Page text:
The father of two young, Black men also added that the legislation allows incarcerated individuals to return back into their communities earlier than what they might otherwise have, because “we were able to roll back some of the draconian drug laws that were put into place during the crack cocaine epidemic.”
Ironically, President Donald Trump, the man who put pen to paper and made “the most important criminal justice reform effort in decades” an actual law, is the same man who demonized the young, East Harlem defendants, who would come to be known as “The Central Park Five.” The rhetoric he used towards them nearly 30 years ago is uncannily similar to the rhetoric used for Black and Brown foreigners today.
Some will remember that the 90s also solidified the “Big Apple” as a “City of Immigrants.” And in Brooklyn and Queens, large groups of Africans, West Indians, and Latinos still call the five boroughs home to this day. As of late, they’ve been calling on Jeffries more often to lament about the current treatment of their communities.
“Every day that I’m in the community — including as recently as this weekend — there were individuals who approached me who I’m privileged to represent concerned about their undocumented status, and the fact that at any moment they feel as if they can be ripped away from their family,” Jeffries shares. “We have a broken immigration system in this country, and therefore it’s important that we undertake comprehensive immigration reform and do so in a bi-partisan way.”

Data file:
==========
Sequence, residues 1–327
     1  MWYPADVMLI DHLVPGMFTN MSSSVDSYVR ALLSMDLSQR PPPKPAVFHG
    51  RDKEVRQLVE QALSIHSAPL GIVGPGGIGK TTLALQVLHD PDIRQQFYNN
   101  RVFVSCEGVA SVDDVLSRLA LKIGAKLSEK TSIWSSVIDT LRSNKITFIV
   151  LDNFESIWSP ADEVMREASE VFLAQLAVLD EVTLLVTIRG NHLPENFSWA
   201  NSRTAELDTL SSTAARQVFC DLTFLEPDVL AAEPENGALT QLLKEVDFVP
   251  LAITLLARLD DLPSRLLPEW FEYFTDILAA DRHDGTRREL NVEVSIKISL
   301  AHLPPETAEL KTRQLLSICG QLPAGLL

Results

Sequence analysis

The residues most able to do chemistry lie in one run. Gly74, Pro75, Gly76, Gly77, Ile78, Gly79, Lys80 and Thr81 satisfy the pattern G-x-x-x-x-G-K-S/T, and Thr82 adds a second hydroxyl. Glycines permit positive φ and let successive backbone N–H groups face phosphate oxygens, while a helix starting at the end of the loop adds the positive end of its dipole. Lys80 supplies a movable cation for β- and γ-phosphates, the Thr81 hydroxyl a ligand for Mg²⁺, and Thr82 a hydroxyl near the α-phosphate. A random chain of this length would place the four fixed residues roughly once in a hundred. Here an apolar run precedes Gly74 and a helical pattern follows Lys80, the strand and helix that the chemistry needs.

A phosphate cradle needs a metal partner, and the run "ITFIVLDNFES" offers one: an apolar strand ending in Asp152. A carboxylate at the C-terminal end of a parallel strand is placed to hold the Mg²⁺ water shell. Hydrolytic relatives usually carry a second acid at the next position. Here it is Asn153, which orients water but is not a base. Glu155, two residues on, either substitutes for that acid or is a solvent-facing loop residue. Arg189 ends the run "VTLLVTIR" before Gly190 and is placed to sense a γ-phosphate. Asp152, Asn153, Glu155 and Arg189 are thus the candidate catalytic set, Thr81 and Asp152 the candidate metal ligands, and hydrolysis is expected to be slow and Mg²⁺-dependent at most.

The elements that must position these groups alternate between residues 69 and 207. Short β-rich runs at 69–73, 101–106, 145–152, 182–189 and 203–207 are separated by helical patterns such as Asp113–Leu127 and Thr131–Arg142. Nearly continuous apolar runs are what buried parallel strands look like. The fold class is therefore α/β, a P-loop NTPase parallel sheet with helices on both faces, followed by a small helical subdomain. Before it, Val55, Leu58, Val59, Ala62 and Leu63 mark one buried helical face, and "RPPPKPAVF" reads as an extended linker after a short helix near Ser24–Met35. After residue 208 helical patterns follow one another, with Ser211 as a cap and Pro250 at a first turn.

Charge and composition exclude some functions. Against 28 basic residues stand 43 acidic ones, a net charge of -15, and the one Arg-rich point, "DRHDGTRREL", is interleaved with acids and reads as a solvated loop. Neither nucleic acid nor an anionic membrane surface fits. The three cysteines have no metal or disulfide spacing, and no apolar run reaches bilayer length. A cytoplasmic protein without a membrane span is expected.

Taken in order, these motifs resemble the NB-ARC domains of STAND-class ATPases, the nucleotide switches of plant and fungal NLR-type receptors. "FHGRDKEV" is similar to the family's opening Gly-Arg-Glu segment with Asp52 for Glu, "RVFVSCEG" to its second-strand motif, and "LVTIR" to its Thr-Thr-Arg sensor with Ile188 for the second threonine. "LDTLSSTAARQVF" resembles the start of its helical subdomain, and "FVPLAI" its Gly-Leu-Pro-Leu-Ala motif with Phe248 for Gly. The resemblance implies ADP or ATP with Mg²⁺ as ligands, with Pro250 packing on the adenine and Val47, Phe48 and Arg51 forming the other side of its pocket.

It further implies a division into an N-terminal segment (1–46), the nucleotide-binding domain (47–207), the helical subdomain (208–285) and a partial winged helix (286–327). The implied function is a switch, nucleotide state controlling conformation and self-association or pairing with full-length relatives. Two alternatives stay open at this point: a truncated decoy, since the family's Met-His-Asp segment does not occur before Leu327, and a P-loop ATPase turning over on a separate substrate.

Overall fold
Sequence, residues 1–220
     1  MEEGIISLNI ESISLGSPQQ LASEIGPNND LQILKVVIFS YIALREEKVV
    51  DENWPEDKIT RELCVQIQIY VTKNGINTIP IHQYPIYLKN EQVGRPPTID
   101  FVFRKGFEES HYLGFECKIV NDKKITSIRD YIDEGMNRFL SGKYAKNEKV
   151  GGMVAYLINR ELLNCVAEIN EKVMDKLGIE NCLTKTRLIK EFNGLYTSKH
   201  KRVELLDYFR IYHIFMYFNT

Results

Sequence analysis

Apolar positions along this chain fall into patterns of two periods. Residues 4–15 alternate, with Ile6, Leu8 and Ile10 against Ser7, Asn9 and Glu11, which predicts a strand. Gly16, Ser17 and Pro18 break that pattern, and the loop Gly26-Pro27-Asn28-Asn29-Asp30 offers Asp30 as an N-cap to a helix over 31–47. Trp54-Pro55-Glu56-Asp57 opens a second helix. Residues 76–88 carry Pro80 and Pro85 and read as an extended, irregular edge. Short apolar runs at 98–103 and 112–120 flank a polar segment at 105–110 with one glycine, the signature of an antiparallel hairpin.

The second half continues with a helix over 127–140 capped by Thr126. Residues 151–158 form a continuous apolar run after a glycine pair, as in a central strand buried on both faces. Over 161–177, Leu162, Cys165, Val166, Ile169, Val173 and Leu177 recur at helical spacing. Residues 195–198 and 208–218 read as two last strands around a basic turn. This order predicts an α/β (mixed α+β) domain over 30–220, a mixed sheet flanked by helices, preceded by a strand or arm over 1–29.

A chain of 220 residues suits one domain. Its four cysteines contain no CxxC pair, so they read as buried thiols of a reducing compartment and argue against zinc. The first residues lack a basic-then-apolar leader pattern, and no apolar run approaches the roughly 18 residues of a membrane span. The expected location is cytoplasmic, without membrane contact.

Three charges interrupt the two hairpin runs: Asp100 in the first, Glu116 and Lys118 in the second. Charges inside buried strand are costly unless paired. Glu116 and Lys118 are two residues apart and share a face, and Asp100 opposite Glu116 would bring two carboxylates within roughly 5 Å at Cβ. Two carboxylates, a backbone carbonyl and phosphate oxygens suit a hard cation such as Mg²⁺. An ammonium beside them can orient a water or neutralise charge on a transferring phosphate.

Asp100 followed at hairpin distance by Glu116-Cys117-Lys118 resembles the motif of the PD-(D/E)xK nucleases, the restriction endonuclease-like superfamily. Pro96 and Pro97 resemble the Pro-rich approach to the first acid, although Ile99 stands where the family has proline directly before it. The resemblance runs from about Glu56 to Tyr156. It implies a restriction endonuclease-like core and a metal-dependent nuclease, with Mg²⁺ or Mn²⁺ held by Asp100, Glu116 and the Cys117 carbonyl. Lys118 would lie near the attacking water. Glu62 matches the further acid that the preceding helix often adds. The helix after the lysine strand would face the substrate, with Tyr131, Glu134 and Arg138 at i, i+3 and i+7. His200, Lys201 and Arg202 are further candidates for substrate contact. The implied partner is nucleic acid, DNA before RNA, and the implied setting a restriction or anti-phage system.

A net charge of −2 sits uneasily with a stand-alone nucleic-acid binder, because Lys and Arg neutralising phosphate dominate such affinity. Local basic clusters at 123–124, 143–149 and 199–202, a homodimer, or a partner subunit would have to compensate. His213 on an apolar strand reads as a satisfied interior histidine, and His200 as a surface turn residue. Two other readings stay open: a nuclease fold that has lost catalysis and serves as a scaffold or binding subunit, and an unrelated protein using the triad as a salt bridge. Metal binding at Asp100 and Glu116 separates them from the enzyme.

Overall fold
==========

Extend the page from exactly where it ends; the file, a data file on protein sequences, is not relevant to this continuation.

The former New York State Assemblyman who represents, as he describes, “one of the most diverse districts in the nation,” finds the xenophobic nature of the Trump administration deeply troubling. By Jeffries’ account, the people he serves are “hardworking, entrepreneurial, community-centered, spiritually-grounded and determined to pursue the American dream in all its glory.” So he’s adamant that instead of the White House choosing to demonize immigrants, they should be celebrating them and the rich contributions that they bring.
It’s a tall order for a man, who as recently as last month, declared a fake emergency at the border in an effort to secure funding for a wall he previously claimed Mexico would pay for. A man who Jeffries bluntly characterizes as “a reality show host who’s running around the Oval Office masquerading to be the President of the United States of America.” But while Trump puts on a daily show in Washington, Jeffries insists that he remains committed to getting things done for the people who elected him.
That includes protecting Dreamers and the recipients of DACA, working towards putting an end to the police brutality epidemic now prevalent throughout the nation, and bringing forth legislation to ensure that the criminal justice system one day provides justice for people of all races and ethnicities.
“It’s an honor to serve in the U.S. Congress at this particular moment in time. It’s a challenging time that we’re living through,” Jeffries says from the podium on that cold Thursday night during Black History Month. “But we stand on the shoulders of a whole lot of folk. We stand on the shoulders of so many who have come before us.”